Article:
Jun 6, 2016

Historian: When Computers and Biology Converge, Organisms Become Algorithms

Posted by in categories: biotech/medical, computing, economics, food, information science

On May 11, 2016, the Berggruen Philosophy and Culture Center invited Yuval Noah Harari, a professor of history at Hebrew University of Jerusalem and author of the international bestseller “Sapiens: A Brief History of Humankind,” to deliver a talk on “The New Inequalities” at Tsinghua University in Beijing. Prior to the talk, Harari was interviewed by BPPC director Daniel A. Bell. This is an edited transcript of the interview.

You argue in your book that material progress, for example in the agriculture revolution and industrial capitalism doesn’t necessarily contribute to human happiness. In fact, it may lead to the opposite. Can you elaborate on that?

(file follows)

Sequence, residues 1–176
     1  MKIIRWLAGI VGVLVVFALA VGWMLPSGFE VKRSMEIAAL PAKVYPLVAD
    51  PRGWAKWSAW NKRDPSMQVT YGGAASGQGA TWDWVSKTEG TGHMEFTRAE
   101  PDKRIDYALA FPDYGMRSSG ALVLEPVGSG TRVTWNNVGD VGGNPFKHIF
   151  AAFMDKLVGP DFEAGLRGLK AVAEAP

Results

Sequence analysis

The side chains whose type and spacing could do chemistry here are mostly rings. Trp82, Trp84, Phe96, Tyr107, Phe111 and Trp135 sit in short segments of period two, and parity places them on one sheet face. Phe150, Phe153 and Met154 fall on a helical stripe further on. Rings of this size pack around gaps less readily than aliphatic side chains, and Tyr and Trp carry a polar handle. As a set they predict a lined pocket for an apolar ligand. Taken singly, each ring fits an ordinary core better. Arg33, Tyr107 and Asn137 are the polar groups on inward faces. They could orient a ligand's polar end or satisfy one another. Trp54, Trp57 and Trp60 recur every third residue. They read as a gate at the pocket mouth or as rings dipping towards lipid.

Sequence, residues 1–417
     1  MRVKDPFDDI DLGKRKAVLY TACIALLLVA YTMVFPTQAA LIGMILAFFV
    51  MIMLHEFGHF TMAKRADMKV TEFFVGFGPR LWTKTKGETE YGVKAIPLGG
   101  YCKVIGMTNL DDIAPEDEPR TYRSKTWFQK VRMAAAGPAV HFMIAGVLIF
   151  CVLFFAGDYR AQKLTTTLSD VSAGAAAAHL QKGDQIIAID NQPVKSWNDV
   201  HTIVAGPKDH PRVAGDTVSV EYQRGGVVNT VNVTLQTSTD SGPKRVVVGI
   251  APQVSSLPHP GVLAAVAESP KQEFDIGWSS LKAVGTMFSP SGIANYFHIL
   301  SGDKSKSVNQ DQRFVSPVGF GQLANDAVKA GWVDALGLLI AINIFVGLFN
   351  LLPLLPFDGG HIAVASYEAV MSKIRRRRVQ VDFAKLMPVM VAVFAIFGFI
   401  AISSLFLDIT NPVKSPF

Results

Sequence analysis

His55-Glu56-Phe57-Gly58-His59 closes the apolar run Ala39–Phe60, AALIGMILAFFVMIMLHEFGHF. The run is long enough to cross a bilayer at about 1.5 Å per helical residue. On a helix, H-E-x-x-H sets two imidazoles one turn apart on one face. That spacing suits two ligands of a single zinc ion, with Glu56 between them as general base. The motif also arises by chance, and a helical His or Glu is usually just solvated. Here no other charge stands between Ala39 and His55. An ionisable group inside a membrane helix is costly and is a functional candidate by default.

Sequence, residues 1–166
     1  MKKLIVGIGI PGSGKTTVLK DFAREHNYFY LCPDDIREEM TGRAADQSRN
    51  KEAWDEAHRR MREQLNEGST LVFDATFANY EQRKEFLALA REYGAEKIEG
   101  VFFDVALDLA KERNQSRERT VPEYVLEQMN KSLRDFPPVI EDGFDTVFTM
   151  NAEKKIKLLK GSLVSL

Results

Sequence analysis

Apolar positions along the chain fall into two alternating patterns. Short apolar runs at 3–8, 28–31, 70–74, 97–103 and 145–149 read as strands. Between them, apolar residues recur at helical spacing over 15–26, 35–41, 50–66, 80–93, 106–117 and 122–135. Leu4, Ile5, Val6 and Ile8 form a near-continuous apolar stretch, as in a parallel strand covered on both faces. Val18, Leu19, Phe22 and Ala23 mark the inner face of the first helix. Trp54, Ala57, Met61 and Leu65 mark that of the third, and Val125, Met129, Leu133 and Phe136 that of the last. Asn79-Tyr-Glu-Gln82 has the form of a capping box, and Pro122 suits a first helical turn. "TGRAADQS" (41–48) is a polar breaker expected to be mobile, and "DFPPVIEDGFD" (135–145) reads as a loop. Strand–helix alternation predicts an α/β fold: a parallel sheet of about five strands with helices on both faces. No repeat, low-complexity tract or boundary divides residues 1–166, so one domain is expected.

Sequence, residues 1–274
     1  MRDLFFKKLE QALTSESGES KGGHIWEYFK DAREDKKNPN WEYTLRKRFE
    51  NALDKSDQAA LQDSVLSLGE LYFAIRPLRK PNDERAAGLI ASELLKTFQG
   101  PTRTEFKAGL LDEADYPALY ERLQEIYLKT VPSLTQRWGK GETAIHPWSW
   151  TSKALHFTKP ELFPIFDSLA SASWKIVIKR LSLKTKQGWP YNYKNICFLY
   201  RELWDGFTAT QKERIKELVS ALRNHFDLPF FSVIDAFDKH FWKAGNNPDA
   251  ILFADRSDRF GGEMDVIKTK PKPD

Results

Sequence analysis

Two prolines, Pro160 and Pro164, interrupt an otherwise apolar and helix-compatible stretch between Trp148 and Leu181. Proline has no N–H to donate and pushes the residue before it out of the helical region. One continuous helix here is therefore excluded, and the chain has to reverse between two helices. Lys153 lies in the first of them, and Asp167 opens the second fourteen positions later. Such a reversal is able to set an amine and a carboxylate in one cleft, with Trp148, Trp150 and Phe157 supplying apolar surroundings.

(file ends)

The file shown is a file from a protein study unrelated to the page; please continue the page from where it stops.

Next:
Until the middle of the 19th century there was a complete lack of correlation between material progress and the well-being of individual humans. For thousands of years until about 1850 you see humans accumulating more and more power by the invention of new technologies and by new systems of organization in the economy and in politics, but you don’t see any real improvement in the well-being of the average person. If you are the emperor of China, then obviously you’re much better off. But if you’re an average Chinese peasant in 1850, it’s very, very hard to say that your life is any better than the life of hunter-gatherers in the Yangtze Valley 20,000 years ago. You work much harder than them, your diet is worse, you suffer far more from infectious diseases, and you suffer far more from social inequality and economic exploitation.

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